Institute to preserve, promote Kashmiri language, literature, culture to come up in Delhi

Srinagar, Nov 6: The Delhi government is considering establishing an institute dedicated to preserving and promoting the language, literature, and culture of Kashmir.

This initiative has received support from the J&K administration.
The announcement was made by Lieutenant Governor of Delhi, Vinai Kumar Saxena after receiving representation from various organisations including the Jammu and Kashmir Welfare Society (JKWS), Kashmiri Samaj Delhi (KSD), Samporan Kashmir and other members.

These associations were led by Sunil Shakdher, a resident of J&K who initiated the request with the Lieutenant Governor of Delhi.
Talking to Greater Kashmir from New Delhi, Shakdher briefed about the meeting with LG Saxena.
He said that the representatives were invited by the LG of Delhi to the celebration of Union Territory Foundation Day.
“During this interaction, I raised the issue of the Kashmiri community living in Delhi NCR and the significant number of people residing in the capital who hail from J&K,” he said.

One of the primary concerns brought to the LG’s attention was the lack of schools in Delhi offering instruction in the Kashmiri language and the absence of institutional support for a language they believe was gradually fading into obscurity.
Shakdher emphasised the community’s desire to return to Kashmir and the need for initiatives that would facilitate this return, enabling them to live alongside the locals in Kashmir.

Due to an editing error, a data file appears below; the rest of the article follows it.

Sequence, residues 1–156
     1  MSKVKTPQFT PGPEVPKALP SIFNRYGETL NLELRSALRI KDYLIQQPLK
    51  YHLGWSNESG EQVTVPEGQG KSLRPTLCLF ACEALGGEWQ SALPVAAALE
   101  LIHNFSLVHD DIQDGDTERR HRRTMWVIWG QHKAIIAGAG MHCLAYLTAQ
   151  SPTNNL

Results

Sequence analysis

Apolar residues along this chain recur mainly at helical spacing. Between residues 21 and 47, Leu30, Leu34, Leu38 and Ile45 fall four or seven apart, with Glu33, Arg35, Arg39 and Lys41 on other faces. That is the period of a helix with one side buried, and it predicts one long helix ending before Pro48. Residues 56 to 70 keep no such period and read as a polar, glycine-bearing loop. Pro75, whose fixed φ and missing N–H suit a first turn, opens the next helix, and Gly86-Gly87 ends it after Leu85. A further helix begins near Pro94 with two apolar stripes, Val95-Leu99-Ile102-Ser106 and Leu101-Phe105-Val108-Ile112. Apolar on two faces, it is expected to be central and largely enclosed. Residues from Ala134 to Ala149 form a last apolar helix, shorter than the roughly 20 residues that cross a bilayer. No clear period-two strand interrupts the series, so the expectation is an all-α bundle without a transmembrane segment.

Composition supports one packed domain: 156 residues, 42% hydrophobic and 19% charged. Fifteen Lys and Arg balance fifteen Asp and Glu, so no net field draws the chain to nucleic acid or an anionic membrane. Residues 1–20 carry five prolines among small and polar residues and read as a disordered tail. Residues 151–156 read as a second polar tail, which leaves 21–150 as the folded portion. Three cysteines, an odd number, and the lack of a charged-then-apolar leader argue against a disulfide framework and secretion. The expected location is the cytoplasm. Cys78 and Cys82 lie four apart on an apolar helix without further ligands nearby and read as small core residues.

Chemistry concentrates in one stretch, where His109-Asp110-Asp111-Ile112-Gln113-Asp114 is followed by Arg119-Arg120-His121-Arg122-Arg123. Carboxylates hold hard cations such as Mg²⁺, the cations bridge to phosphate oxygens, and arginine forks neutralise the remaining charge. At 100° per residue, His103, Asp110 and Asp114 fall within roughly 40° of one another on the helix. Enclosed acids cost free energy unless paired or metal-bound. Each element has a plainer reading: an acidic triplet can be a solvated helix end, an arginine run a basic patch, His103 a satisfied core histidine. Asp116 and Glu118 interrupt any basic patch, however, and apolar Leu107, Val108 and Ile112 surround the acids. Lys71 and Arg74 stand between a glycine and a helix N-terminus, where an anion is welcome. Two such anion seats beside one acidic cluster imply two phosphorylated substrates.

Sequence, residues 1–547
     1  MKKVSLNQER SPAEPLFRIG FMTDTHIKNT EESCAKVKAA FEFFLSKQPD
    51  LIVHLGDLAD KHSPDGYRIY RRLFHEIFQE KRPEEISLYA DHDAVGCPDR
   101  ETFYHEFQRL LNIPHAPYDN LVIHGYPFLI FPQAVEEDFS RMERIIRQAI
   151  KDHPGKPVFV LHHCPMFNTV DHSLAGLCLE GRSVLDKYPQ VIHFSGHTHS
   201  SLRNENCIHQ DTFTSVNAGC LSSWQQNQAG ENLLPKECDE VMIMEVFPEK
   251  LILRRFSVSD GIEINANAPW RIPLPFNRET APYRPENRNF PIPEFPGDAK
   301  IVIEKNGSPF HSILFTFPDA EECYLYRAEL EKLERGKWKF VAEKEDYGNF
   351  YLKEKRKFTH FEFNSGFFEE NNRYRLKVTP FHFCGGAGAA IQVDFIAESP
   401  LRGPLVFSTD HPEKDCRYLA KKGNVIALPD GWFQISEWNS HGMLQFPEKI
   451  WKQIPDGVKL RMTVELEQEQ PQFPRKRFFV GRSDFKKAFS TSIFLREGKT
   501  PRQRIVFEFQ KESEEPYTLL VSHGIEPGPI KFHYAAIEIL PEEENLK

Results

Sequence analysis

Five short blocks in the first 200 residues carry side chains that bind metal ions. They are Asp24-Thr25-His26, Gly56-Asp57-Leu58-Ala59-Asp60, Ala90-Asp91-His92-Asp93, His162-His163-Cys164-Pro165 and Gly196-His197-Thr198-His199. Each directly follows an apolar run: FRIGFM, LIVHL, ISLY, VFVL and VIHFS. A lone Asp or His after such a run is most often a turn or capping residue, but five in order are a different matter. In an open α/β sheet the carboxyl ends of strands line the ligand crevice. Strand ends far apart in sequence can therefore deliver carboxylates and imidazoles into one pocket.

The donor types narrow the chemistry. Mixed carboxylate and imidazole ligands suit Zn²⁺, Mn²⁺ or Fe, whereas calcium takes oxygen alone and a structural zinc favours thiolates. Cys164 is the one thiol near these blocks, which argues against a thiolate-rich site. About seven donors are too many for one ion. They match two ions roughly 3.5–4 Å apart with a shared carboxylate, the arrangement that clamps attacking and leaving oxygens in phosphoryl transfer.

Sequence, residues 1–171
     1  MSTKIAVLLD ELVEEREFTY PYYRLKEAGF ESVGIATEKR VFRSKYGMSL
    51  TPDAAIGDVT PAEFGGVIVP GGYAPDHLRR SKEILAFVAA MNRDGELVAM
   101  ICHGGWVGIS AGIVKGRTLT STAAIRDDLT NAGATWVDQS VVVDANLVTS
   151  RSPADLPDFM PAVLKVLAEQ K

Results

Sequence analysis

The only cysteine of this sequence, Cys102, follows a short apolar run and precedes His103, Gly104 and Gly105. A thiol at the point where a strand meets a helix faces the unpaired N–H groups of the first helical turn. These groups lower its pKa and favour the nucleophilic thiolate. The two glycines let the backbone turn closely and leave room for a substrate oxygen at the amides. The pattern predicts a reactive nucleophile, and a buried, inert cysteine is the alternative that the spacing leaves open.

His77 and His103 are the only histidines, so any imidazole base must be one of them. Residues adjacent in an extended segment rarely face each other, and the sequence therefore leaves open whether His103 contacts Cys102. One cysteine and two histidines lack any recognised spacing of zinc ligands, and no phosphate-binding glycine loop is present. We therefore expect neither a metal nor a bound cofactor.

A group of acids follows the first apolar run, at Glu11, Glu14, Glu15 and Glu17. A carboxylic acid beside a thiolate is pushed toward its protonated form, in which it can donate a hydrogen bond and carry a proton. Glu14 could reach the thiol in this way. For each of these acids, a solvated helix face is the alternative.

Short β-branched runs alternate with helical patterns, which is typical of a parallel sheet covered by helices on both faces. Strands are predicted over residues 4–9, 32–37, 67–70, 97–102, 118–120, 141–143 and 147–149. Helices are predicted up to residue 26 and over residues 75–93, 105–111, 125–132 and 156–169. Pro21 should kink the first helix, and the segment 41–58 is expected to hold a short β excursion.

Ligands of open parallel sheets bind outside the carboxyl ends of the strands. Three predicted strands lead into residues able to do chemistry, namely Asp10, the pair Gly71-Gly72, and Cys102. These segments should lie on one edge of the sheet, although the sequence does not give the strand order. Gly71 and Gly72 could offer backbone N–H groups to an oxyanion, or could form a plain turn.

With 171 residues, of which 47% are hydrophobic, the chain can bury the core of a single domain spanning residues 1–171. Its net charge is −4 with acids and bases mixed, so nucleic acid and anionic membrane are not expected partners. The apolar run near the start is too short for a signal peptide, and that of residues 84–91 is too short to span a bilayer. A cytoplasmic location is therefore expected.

“I told him that we all want to go back to Kashmir, and if we want to go back, steps need to be taken in this direction. After all, the community which has come out here has to live with the community living in Kashmir,” Shakdher said.
The representatives also discussed two key issues during their meeting with the LG Saxena, focusing on constitutional democracy and political democracy.

“In the context of constitutional democracy, I stressed the need for a guardian to protect the cultural and linguistic heritage of the Kashmiri community. We also raised concerns about the absence of elections in Kashmir in the realm of political democracy,” he said.
Shakdher said that while the Kashmiri Pandit community had produced chartered accountants, doctors, and bankers, the younger generation had lost its grip on the Kashmiri language.

“The question is that the elderly Kashmiri Pandits are aware of Kashmiri language and culture, but our young generation is not aware of anything, and they will be under a complex. Language saves our rituals, and identity, besides political and constitutional living,” Shakdher said.
In response to these concerns, the LG of Delhi announced the establishment of an institution dedicated to promoting and preserving the Kashmiri language.

“Additionally, he reached out to J&K’s Lieutenant Governor, Manoj Sinha, who assured his support for the initiative and expressed his willingness to provide teachers and other staff to make this project a success,” Shakdher said.

He said that the LG of Delhi assured that, as a first step, an Academy for Kashmiri and Dogri Languages would be promptly established.
“LG of Delhi assured us that the government will explore the possibility of establishing a school modelled after various state associations-run institutions in other states to further bolster these language preservation efforts,” he said.

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